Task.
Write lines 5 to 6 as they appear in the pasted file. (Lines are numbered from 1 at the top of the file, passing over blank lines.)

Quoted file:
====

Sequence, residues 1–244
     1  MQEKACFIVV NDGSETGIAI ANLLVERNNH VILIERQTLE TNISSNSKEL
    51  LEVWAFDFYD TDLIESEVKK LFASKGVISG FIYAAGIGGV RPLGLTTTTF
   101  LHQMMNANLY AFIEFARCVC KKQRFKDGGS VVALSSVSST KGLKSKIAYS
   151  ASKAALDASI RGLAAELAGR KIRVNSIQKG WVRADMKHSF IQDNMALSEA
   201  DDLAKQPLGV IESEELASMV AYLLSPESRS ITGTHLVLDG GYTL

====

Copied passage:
   151  ASKAALDASI RGLAAELAGR KIRVNSIQKG WVRADMKHSF IQDNMALSEA
   201  DDLAKQPLGV IESEELASMV AYLLSPESRS ITGTHLVLDG GYTL